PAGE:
One of the things I’ve really been wanting to try is discharge printing. Screen printers that I’ve dealt with don’t do it, but some of the results look very interesting. In simplest terms, it’s almost like printing with a type of bleaching agent. The color of the shirt is stripped away where the chemical is printed, and it is printed in the usual method of screen printing. It’s the subtractive method to screen printing’s usual additive method of just adding ink to the shirt. Neat stuff.
One of the things about it that fascinates me, is that you can add color to the discharge agent. This is neat: you’re stripping away color with the chemical, and replacing it with a different color at exactly the same time. And, from the documentation that I’ve read, the ‘hand’ of these garments are incredible, and there is no stiffness due to an opaque layer of ink (or many layers) on the shirt.
Unfortunately, the documentation also says the following regarding the chemical agent:
Deluge with water to extinguish this material as it has its own oxygen supply, thus making dry chemicals or carbon dioxide ineffective.
Nice. This shit brings its own oxygen supply to the table. Bad. Ass.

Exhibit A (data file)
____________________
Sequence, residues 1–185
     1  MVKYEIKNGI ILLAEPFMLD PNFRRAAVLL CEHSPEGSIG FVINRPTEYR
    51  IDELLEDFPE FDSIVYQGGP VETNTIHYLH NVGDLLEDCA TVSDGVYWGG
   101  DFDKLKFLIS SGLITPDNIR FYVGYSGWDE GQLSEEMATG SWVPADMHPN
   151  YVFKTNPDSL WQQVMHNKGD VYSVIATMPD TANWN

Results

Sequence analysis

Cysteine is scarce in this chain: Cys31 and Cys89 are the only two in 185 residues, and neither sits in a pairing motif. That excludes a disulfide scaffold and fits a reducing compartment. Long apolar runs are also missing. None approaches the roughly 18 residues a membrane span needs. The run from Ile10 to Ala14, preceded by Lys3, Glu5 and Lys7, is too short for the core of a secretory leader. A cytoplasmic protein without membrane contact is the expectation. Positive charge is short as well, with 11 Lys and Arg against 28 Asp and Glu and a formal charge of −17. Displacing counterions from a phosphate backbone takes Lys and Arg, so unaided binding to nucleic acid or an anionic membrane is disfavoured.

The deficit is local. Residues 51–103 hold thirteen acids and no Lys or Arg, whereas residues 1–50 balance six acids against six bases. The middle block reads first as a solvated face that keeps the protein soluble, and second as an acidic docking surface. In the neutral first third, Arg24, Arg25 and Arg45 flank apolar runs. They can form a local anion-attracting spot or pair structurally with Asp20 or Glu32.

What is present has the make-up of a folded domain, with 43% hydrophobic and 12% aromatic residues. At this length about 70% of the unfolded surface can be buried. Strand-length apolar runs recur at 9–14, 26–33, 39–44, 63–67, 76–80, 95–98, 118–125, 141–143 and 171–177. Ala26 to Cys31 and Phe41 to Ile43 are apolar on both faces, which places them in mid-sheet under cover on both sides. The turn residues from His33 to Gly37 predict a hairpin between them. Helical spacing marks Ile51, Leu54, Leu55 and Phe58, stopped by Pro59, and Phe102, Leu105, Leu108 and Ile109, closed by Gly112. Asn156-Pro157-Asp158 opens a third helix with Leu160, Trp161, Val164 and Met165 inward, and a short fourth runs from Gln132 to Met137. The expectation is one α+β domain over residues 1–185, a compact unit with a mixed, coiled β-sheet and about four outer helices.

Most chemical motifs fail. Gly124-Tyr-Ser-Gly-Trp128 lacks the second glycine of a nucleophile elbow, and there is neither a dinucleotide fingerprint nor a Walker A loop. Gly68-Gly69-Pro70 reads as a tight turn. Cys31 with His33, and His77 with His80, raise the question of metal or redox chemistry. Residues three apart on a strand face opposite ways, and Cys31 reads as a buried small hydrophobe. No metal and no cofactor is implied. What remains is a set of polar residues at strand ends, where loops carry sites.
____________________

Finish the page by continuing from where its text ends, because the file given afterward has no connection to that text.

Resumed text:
I think, at this point in reading, fine. Have water on hand, don’t set it on fire to begin with. Trying to be thorough, I read onward and see more information such as the following:
Discharge Agent has an unpleasant odor and should be handled carefully in its crystal form then blended into the ink by a properly trained employee. Always blend the ZFS slowly until it is well mixed in the ink to prevent dust, ZFS is relatively safe once in solution.
Hm. “Properly trained.”
And also, my favorite from this one: relatively safe once in solution.
You know, I love making stuff, and I love trying things others won’t, trying things I know nothing about, but I’m thinking maybe, just maybe, this time I should back off. How about more batik, I ponder. All the sewing had made me miss it a little.
And with batik all I have to worry about are toxic wax fumes. And setting the wax on fire. Oh, and the dye is kinda cancerous in powder form.